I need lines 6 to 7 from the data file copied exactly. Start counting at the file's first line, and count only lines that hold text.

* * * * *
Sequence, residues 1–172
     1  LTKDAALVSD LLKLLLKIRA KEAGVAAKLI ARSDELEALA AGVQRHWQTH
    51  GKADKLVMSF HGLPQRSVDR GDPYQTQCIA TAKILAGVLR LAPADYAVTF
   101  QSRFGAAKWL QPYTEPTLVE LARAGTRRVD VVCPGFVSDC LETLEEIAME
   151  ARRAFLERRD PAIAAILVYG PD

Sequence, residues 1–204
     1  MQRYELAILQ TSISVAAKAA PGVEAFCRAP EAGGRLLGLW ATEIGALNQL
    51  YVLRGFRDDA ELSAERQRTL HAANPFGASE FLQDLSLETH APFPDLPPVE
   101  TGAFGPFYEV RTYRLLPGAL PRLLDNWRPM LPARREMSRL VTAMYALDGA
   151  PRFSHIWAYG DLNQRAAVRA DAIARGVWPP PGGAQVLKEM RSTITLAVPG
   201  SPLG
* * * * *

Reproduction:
Sequence, residues 1–204
     1  MQRYELAILQ TSISVAAKAA PGVEAFCRAP EAGGRLLGLW ATEIGALNQL